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Conducted by ALEXANDER MCCLINCHIB, of the New York Bar. The purpose of this department is to present from month to month, short critica summaries of recent decisions, which affect accountants, and to furnish accurate information on legal questions. Inquiries from our readers will be welcome and will receive prompt attention.
Application of Payments. The question of the right to apply payment to one of several debts between the same parties is as confused and confusing as it is important. An accountant can very often render invaluable service if he will instruct his client how to take advantage of the rules of law on this subject.
Direction as to the application of payment can be made by the debtor, by the creditor or by the court. Where a person owes several debts or items to another, he has a right to direct to which item the payment shall be applied. Otherwise the creditor may apply it as he sees fit. There are certain limitations on the creditor's rights, however, to the effect that he cannot apply payment to an illegal claim, such as a gambling debt, or to a claim for usurious interest, or, if we are to follow the case cited below, to a debt outlawed by the statute of limitations.
If at the time of payment neither party communicates his intention to apply it to a particular item, the right remains open to either party. This is the situation when a word from the accountant will save nine from a lawyer at a later time. Instruct your client to give immediate notice of his intention. We suggest the following cases as authorities and as illustrative of the principles above set forth: STONE vs. SEYMOUR, 15 Wend. (N. Y.), 20; PATTY VS. MILNE, 16 Wend. (N. Y.), 557; NATIONAL BANK vs. BIGLER, 83 N. Y., 51, and MARSH vs. ONEIDA CENTRAL BANK, 34 Barb. (N. Y.), 298.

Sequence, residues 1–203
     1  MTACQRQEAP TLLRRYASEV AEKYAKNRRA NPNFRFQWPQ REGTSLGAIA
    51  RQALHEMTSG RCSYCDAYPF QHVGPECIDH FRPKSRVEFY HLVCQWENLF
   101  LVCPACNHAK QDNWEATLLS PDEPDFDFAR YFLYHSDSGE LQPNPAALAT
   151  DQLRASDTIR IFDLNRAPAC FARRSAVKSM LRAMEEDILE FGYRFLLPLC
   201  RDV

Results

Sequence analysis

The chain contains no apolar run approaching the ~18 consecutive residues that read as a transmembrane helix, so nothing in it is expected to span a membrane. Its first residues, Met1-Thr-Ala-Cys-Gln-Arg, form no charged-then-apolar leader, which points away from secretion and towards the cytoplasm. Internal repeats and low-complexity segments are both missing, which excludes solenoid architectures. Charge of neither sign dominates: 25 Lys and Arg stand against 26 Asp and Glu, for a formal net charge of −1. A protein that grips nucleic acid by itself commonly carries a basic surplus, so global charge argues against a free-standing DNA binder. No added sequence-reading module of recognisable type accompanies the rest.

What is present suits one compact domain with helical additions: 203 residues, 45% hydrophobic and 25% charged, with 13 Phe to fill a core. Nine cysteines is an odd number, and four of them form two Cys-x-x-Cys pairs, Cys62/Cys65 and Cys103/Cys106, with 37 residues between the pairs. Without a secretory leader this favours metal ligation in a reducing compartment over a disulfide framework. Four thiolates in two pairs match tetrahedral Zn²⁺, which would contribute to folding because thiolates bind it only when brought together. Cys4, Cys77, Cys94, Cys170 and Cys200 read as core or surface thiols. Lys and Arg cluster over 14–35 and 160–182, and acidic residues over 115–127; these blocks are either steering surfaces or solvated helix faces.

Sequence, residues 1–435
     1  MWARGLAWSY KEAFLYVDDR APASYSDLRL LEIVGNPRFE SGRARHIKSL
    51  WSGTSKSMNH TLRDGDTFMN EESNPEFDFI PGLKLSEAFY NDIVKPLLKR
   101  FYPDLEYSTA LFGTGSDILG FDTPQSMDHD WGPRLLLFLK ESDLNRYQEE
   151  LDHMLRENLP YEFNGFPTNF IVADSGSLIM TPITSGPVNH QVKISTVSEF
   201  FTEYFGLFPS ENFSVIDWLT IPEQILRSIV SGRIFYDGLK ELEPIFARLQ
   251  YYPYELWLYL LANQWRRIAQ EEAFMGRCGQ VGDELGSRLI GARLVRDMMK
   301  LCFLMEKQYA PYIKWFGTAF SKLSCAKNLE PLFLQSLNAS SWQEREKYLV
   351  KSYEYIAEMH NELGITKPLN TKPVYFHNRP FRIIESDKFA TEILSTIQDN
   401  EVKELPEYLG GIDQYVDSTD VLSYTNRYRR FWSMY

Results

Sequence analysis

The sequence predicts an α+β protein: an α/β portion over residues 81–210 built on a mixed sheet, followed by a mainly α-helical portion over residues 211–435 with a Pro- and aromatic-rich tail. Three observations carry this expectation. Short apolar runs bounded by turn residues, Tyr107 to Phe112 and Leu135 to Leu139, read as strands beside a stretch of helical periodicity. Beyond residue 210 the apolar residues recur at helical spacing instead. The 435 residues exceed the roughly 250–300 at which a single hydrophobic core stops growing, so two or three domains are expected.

When the parties do not elect, the law will direct payment according to certain rules, which very greatly in the many jurisdictions of the United States. For example in New York the courts follow the Civil or Roman Law, and apply the payment in a way which would be most beneficial to the debtor. Payment will be applied to an interest bearing debt in preference to one that does not bear interest, because the former is the more burdensome. Payment will be applied to a mortgage and to a judgment debt in preference to an account, because the former is the more burdensome to the debtor.
The view directly opposed to that of the New York courts prevails in the United States courts, where payment is always applied first to the poorly secured debt. All the jurisdictions agree that where there is but one continuous account of several items, payments will be applied to the earliest if the parties refer the matter to law. See PATTISON vs. HULL, 9 Cowen (N. Y.), 747; JONES vs. BENEDICT, 83 N. Y., 79; FIELD VS. HOLLAND, 6 Cranch (U. S.), 27, and TRUSCOLL vs. King, 6 N. Y., 147.